And while folks are pondering these things, they also might reconsider the case of “Shoeless Joe” Jackson, the poster child for the Black Sox Scandal of 1919, which first put gambling on baseball in the public light. Yet, Jackson’s teammates later stated “Shoeless Joe” was not in on the fix of the World Series and played as hard to win as anyone. Many maintain he was an innocent victim of a witchhunt to preserve the image of baseball.

    To use to baseball terms as metaphors for the situations: The line in the batter’s box have been wiped out and the strike zone is obscured and inconsistent.
    My dad got to enjoy 3 Reds World Championships by the time he was my age. So far, I've only gotten to enjoy one. Step it up Redlegs!

  6. #140
    breath westofyou's Avatar
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    Re: Selig mulling pardon for Rose

    Red Herrings swimming all over this thread.

    Speaking of steroids, should the Reds wipe out Pete Rose Jr's record? Maybe turn their back on Hal Morris... oh wait he's up for the Reds HOF!

  7. #141
    Maple SERP savafan's Avatar
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    Re: Selig mulling pardon for Rose

    Quote Originally Posted by westofyou View Post
    Red Herrings swimming all over this thread.

    Speaking of steroids, should the Reds wipe out Pete Rose Jr's record? Maybe turn their back on Hal Morris... oh wait he's up for the Reds HOF!
    Pete Rose Jr. has a record? I mean, aside from a prison record??? I don't think anyone would even notice if you wiped out Petey's 2 major league hits.
    My dad got to enjoy 3 Reds World Championships by the time he was my age. So far, I've only gotten to enjoy one. Step it up Redlegs!

  8. #142
    Maple SERP savafan's Avatar
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    Re: Selig mulling pardon for Rose

    Let's consider the allegation of ARod tipping pitches. As I read the rules, if guilty, he should be permanently ineligible, correct?

    By the way, there is a precedent for lifetime bans being lifted in baseball. Ferguson Jenkins, Mickey Mantle, Willie Mays, George Steinbrenner, Dickie Kerr and Ray Fisher are some examples...there may be others that I'm forgetting.
    My dad got to enjoy 3 Reds World Championships by the time he was my age. So far, I've only gotten to enjoy one. Step it up Redlegs!

  9. #143
    Maple SERP savafan's Avatar
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    Re: Selig mulling pardon for Rose

    Last night on Studio 42 with Bob Costas on the MLB Network, Selig said Rose's case is still under review.
    My dad got to enjoy 3 Reds World Championships by the time he was my age. So far, I've only gotten to enjoy one. Step it up Redlegs!

  10. #144
    Viva la Rolen kaldaniels's Avatar
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    Re: Selig mulling pardon for Rose

    Quote Originally Posted by savafan View Post
    Let's consider the allegation of ARod tipping pitches. As I read the rules, if guilty, he should be permanently ineligible, correct?

    By the way, there is a precedent for lifetime bans being lifted in baseball. Ferguson Jenkins, Mickey Mantle, Willie Mays, George Steinbrenner, Dickie Kerr and Ray Fisher are some examples...there may be others that I'm forgetting.
    How/why should ARod be banned? What rule are you referring to? Just curious...is there a rule banning stealing signs and tipping pitches?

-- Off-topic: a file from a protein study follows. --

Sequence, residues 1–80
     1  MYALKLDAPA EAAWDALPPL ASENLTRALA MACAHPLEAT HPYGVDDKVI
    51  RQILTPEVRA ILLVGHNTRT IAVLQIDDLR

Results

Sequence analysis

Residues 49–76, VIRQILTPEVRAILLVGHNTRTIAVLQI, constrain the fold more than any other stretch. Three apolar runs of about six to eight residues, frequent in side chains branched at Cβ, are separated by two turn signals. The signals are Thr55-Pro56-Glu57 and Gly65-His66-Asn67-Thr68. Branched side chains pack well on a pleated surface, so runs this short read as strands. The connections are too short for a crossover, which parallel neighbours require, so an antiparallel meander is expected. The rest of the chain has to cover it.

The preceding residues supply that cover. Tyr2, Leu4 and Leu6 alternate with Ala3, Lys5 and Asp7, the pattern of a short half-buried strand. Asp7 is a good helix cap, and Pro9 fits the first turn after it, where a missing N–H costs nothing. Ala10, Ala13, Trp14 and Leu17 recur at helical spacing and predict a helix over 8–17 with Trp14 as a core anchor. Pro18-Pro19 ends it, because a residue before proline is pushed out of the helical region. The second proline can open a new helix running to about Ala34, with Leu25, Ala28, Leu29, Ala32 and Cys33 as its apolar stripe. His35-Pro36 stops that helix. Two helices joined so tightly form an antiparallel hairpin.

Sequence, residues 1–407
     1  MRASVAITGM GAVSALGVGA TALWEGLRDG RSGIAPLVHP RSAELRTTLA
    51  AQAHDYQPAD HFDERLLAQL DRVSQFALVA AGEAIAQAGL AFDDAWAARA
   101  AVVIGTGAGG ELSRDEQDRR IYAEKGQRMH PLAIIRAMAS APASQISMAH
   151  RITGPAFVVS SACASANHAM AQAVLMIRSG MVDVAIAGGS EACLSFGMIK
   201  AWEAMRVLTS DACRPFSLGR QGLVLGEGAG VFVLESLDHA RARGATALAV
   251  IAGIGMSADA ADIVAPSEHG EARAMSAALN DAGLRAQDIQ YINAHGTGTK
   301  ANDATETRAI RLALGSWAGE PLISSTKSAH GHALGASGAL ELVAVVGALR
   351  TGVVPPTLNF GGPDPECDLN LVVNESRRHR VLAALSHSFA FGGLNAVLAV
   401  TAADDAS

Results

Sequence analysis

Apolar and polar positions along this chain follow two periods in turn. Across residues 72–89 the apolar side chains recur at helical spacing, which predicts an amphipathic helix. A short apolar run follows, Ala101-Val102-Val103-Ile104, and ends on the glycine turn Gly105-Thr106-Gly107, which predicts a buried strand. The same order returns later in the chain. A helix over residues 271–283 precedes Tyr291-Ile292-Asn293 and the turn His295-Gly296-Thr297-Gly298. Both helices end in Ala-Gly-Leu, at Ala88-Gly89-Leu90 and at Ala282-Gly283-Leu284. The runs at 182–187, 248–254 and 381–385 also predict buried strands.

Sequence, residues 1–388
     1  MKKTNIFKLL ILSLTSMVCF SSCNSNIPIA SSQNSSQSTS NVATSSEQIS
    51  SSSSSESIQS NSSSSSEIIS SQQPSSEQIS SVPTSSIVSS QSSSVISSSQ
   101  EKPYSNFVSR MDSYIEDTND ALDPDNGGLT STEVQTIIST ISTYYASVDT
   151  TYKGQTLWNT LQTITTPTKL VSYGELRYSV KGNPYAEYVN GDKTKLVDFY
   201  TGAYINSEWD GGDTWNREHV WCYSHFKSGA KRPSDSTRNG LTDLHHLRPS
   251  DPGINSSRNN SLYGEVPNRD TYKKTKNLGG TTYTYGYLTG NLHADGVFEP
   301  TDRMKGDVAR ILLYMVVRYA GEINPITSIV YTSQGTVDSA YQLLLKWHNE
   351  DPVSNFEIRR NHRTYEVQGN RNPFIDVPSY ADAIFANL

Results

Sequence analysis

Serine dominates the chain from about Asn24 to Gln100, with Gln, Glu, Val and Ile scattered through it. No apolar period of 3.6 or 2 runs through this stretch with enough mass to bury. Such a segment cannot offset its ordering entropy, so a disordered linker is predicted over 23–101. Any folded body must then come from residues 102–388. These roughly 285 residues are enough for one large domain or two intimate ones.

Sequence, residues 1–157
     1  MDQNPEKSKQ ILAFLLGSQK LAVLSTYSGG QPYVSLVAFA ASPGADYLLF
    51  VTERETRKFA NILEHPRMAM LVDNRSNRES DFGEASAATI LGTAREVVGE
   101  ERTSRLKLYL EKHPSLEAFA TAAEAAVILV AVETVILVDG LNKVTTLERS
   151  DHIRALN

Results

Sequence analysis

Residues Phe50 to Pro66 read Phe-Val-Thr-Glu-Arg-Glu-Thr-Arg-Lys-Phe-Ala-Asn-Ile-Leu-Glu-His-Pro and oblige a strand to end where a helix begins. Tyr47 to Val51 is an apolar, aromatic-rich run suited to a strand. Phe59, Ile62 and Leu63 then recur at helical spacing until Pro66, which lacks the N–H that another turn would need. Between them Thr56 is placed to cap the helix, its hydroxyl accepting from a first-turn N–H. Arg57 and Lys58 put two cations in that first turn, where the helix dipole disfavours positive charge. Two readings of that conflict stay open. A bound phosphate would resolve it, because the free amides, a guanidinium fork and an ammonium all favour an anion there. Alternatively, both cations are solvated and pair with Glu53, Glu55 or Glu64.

11. #145
    Maple SERP savafan's Avatar
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    Re: Selig mulling pardon for Rose

    Quote Originally Posted by kaldaniels View Post
    How/why should ARod be banned? What rule are you referring to? Just curious...is there a rule banning stealing signs and tipping pitches?
    Holy crap, you're asking me about something I wrote over 3 months ago...
    My dad got to enjoy 3 Reds World Championships by the time he was my age. So far, I've only gotten to enjoy one. Step it up Redlegs!

  12. #146
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    Re: Selig mulling pardon for Rose

    Quote Originally Posted by savafan View Post
    Last night on Studio 42 with Bob Costas on the MLB Network, Selig said Rose's case is still under review.
    Hasn't that been his answer for about ten years?

  13. #147
    Maple SERP savafan's Avatar
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    Re: Selig mulling pardon for Rose

    Quote Originally Posted by Sea Ray View Post
    Hasn't that been his answer for about ten years?
    Yeah, it has. I'm not sure what's left to review. Make a decision. Reinstate Rose to be on the ballot, and not allow him to have a field job in MLB. What's so hard about that?
    My dad got to enjoy 3 Reds World Championships by the time he was my age. So far, I've only gotten to enjoy one. Step it up Redlegs!

  14. #148
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    Re: Selig mulling pardon for Rose

    Alright! About time we found Dusty's replacement!


  15. #149
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    Re: Selig mulling pardon for Rose

    Quote Originally Posted by PuffyPig View Post
    It's not the same thing.

    Players are lectured from day one, if they bet on baseball, they will be banned for life.

    Rose bet on baseball, and was banned for life.
    And yet, as the story goes, Rose was offered a short suspension to come clean and stupidly refused. So much for a ban for life. This story really is like the swallows of Capistrano or the buzzards in Hinckley, OH - it comes back every year.
    “In the same way that a baseball season never really begins, it never really ends either.” - Lonnie Wheeler, "Bleachers, A Summer in Wrigley Field"

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  16. #150
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    Re: Selig mulling pardon for Rose

    Quote Originally Posted by savafan View Post
    Yeah, it has. I'm not sure what's left to review. Make a decision. Reinstate Rose to be on the ballot, and not allow him to have a field job in MLB. What's so hard about that?
    I don't understand why he's leaving it open. He ought to rule one way or another. If the answer is no state when he can re-apply but leaving it open makes no sense.